Gratitude and Your Health

by Marilyn Okoye

Giving thanks and being grateful is easy when all is going well.  How do you remain grateful when we are in the eighth month of a pandemic?  In our last post, Give Thanks With A Grateful Heart, we talked about different ways to express our gratitude.  I can't say this enough, especially in the midst of this pandemic.  A good reason to live with an attitude of gratitude is that it may help improve the quality of our health and well-being.

Several studies have shown how regularly expressing gratitude may help regulate our minds, mood, and stress level.  In making an effort to express gratitude, people may experience better sleep, less anxiety and depression, and ultimately, less stress. The study goes on to note that if our brains are focused on more positive things, it is less likely to focus on negativity.  Additionally, as the brain receives more positive stimuli, it looks for those things that present itself  positively. The Grateful Brain 

The American Heart Association reports that practicing gratitude may help to lower blood pressure and boost the immune system.  Expressing gratitude can be especially important since individuals with compromised immune systems and underlying health conditions can become severely ill when exposed to COVID-19. 

Gratitude, like milk, "does the body good".  If you have difficulty finding gratitude in the small, everyday things, start a gratitude journal.  Take a few minutes and acknowledge the simple things, the little things that we might unknowingly take for granted.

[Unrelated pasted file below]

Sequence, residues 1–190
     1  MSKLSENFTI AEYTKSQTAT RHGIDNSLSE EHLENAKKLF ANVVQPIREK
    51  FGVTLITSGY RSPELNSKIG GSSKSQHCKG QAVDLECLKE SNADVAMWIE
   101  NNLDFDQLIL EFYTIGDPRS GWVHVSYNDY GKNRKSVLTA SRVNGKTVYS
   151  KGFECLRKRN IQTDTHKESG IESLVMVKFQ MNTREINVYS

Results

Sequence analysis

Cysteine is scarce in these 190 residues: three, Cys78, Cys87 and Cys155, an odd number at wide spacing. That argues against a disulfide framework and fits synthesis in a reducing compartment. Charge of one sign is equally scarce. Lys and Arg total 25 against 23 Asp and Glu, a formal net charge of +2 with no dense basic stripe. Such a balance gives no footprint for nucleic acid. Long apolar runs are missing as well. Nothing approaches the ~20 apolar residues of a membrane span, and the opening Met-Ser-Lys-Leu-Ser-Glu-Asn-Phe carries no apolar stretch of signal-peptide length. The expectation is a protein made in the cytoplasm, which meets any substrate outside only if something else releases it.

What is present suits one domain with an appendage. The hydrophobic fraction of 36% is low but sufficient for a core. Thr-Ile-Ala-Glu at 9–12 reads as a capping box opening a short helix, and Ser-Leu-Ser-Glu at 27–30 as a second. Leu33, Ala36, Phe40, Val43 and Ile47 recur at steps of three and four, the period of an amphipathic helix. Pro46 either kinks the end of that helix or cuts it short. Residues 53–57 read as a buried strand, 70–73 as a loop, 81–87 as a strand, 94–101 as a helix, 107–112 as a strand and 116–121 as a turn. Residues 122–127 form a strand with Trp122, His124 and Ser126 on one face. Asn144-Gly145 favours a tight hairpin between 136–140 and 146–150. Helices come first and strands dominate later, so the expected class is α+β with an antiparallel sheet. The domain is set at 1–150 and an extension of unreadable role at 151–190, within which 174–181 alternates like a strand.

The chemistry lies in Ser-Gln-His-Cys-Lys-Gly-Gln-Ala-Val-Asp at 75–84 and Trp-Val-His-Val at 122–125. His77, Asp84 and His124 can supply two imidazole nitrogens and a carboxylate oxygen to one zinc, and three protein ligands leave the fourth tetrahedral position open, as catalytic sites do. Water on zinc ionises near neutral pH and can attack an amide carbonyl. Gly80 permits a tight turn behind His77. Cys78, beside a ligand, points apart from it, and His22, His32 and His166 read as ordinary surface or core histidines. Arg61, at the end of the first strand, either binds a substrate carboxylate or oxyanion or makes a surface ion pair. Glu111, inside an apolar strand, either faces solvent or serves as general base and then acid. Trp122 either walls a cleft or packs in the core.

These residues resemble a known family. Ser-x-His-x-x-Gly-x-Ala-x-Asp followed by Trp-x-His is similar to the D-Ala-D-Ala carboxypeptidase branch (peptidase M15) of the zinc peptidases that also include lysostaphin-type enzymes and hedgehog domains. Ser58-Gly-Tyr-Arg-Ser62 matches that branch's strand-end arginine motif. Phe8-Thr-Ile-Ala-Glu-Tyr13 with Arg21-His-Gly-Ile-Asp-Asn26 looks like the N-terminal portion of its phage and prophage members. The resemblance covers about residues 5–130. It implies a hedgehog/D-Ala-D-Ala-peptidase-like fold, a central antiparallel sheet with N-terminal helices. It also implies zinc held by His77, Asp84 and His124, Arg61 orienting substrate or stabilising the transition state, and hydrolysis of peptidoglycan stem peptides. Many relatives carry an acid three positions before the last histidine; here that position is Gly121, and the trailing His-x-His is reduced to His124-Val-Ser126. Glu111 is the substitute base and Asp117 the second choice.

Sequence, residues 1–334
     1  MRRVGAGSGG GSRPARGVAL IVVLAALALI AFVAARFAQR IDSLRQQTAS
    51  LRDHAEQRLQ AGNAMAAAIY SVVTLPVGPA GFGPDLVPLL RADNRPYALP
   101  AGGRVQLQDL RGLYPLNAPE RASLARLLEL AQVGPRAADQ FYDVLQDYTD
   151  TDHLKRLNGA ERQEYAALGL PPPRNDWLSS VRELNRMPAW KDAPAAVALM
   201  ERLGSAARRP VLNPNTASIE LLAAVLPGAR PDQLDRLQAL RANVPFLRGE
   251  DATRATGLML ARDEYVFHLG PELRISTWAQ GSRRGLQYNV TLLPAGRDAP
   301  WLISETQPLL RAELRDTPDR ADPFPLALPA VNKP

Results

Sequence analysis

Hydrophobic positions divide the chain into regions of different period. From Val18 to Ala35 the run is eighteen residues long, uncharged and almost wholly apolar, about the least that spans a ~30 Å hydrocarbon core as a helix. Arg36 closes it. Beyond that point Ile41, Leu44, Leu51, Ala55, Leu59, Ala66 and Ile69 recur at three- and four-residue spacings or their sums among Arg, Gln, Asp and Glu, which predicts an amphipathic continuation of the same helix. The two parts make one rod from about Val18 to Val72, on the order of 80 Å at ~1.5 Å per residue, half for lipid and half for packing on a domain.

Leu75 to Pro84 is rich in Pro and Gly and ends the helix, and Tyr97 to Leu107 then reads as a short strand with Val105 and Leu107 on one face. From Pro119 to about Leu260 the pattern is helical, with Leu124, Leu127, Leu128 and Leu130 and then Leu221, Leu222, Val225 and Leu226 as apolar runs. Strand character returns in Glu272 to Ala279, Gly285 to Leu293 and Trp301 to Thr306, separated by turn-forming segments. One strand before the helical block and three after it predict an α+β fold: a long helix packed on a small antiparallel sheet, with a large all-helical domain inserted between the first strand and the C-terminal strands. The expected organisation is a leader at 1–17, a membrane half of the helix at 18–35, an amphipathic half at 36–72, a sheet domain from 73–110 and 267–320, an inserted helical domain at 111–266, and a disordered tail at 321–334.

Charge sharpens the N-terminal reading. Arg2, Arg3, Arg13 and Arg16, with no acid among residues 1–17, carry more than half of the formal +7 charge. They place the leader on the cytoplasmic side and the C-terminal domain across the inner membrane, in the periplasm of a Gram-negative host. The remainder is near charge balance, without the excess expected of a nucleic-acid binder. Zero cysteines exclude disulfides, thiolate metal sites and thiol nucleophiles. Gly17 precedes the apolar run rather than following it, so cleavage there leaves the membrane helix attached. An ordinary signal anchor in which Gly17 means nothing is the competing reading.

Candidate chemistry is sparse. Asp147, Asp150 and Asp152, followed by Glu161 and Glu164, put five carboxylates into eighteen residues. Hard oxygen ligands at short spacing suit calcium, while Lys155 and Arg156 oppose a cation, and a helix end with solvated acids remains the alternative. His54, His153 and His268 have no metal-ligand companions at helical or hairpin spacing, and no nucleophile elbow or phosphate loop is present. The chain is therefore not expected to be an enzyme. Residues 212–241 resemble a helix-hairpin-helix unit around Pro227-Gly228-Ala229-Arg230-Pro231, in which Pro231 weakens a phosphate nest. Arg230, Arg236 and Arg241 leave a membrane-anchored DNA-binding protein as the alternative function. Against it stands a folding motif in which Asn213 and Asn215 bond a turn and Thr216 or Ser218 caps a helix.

Breath - every breath you take is a gift, even the labored one's.  Breath means life, and you have every opportunity to live your best life or get to your healthy place to be able to live your best life. 

Movement - movement of your limbs is a blessing.  I have arthritis in my knees, fingers, and funnily enough, my two big toes.  However, slow and stiff at times, I am so grateful that I can still walk, dance, and ride my bike, to name a few.  

Shelter - I am grateful for a roof over my head.  My house is over 60 years old and needs a lot of work, but my family has a place to lay our heads at night.  We have food to eat.  I remember when I could not afford to pay my gas bill, and it was tough, especially during the winter months.  I am grateful for the programs and resources that helped to pay my bill.  

Employment - I am grateful for 20+ years of employment.  I still have some years to go, but I am grateful for the new ideas that God is giving me to keep my mind active as I prepare for retirement.  If we think about it, the list can go on and on.  

I am sure your list will be different from mine but try it.  Gratitude can change your outlook on things.  I hope that you take some time to review the information provided in the links and began to practice gratefulness.  It can save your life.  

Gratitude Journal📖

If you are experiencing severe emotional or mental difficulty during this pandemic, please call your counselor, medical provider, and/or 911 for immediate help. For  information on mental wellness, visit the National Institute of Mental Health. 

Your comments are welcomed👇What are you grateful for?


Post a Comment

Previous Posts

The Wonderful Season of Advent November 29, 2020 - December 5, 2020 - HOPE and PEACE

The Wonderful Season of Advent

The Intangible Legacy